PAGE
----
The Role of Split Lifts in Improving Athleticism
It is often the case that coaches introduce an unorthodox coaching solution just to distinguish themselves from their peers. It makes them appear unique, but does it really benefit the athlete?
The Benefits of the Split Lifts
In 1992, I started coaching the split lifts with my strength and conditioning athletes. I did so, not because the movements were novel, or out of nostalgia for a technique that was long forgotten, but rather because they provided some benefits that could otherwise not have been realized.
The correlation between successful split lifting and foot speed is undeniable. The regular practice of the split snatch and split clean places an emphasis on foot speed, and for this reason it encourages the development of fast foot movement. When the feet are alternated while employing the same weight, equal left and right development of food speed is further encouraged.
For athletes whose sport demands fast feet, the regular practice of the split lifts provides an effective training effect.
Variation in Training
As addictive as the snatch and clean may be, even the most committed athletes will thrive with some variation in their program. Different lifts that emphasize the same athletic activities offer new opportunities to succeed and develop proficiency. While emphasizing the same explosive qualities as do power snatches and power cleans, split lifts offer a significant variation for utilizing and developing athleticism.
Braking Under Load
Split lifts offer the athlete another manner in which to brake under load, a significant factor in preventing knee injuries. While employing heavier and heavier weights, the athlete becomes more and more proficient at cushioning the impact of landing.
Learning the Split Lifts
If you want to achieve a certain position, you have to learn what it feels like. This is the reason for employing the following exercises. If an athlete becomes familiar with the bottom of the split position, then descending into that position is facilitated.
The first thing to do is to determine the foot placement or stance for the split. I’ve found that the best method to do this is to kneel on one leg and then place the feet so that there is a 90° angle formed by the front and back knees. By pushing up from this position, the optimal foot stance can be determined.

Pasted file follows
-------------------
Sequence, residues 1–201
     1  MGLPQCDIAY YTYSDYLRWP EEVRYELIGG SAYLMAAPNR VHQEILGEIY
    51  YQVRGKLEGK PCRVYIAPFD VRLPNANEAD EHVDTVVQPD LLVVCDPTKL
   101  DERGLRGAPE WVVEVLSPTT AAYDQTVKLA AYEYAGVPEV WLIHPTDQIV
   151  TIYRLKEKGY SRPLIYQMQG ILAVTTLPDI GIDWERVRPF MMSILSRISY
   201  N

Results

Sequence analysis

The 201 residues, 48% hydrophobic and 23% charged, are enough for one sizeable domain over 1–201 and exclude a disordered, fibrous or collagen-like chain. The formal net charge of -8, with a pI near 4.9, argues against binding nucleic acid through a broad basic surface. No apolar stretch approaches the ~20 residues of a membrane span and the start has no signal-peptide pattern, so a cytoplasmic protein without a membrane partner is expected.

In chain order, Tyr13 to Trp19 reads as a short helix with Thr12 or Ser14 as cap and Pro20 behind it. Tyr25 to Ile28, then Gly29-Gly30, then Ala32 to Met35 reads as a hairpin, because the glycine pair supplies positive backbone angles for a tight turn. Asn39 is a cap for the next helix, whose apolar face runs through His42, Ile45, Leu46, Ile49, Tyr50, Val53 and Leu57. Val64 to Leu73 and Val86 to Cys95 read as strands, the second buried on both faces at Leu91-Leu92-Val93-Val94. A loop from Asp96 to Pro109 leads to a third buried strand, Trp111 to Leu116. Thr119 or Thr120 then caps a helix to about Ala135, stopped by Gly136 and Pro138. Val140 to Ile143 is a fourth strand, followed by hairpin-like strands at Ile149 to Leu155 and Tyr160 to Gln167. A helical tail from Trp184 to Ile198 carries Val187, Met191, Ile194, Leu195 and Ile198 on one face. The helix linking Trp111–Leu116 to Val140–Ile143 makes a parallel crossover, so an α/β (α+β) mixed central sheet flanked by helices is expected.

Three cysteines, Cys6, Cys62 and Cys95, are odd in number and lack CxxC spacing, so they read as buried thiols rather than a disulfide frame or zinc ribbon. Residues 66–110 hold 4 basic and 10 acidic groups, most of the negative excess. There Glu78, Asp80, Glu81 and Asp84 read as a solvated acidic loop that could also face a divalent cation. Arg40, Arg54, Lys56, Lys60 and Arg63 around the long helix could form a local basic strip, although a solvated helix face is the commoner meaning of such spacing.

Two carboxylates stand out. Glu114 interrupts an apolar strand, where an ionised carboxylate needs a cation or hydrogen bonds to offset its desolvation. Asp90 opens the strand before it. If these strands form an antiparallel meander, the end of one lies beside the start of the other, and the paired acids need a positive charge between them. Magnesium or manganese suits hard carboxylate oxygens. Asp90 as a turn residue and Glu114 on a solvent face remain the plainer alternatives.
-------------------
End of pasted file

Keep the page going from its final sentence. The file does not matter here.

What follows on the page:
The feet will find their optimal split position by a simple 90° kneel.
The Overhead Lunge
This is an important exercise to learn the feeling of the bottom position for the split snatch. When training athletes who are not planning on being weightlifters, I have them practice with alternating feet. The athlete starts with both feet on a line and the weight held overhead with a snatch width grip. The athlete then steps forward into a lunge stance with either leg, descends until the knee is fully flexed, and then recovers by stepping all the way back to the original position. The athlete then repeats with the opposite leg.
The Front Lunge
This is to assist in learning the position for the split clean. The bar is held on the shoulders as for a front squat. The feet are in line. As in the overhead lunge, the athlete steps forward with either foot, and descends until the front leg is fully flexed at the knee. The athlete then recovers to the starting position and repeats with the opposite leg.
The front rack lunge will help reinforce the position required to catch a split clean.
Lifting From Blocks
I usually use blocks during the early phases of training since it removes the variable of pulling from the floor. Pulling from a mid-thigh height develops explosiveness in the proper range for volleyball running and jumping.
Split snatches and split cleans are performed from blocks with legs alternating so that the development will be bilaterally balanced.
Programming the Split Lifts
Strength and conditioning sessions are conducted three times per week. Snatches, cleans, jerks, and squats or their variants are performed at each session. The split lifts are employed in one of the three sessions. The reps are kept in the 2-4 range, and the number of sets at 4-5. The weight is not as critical as the speed of the bar in the snatch, clean, and jerk. While increasing the weight is encouraged, it has to be within the range where optimal speed is employed.
A properly designed training program will go a long way toward developing athleticism, overall strength, durability, and anaerobic endurance for maturing young athletes.
Not everyone who touches a barbell must be a weightlifter: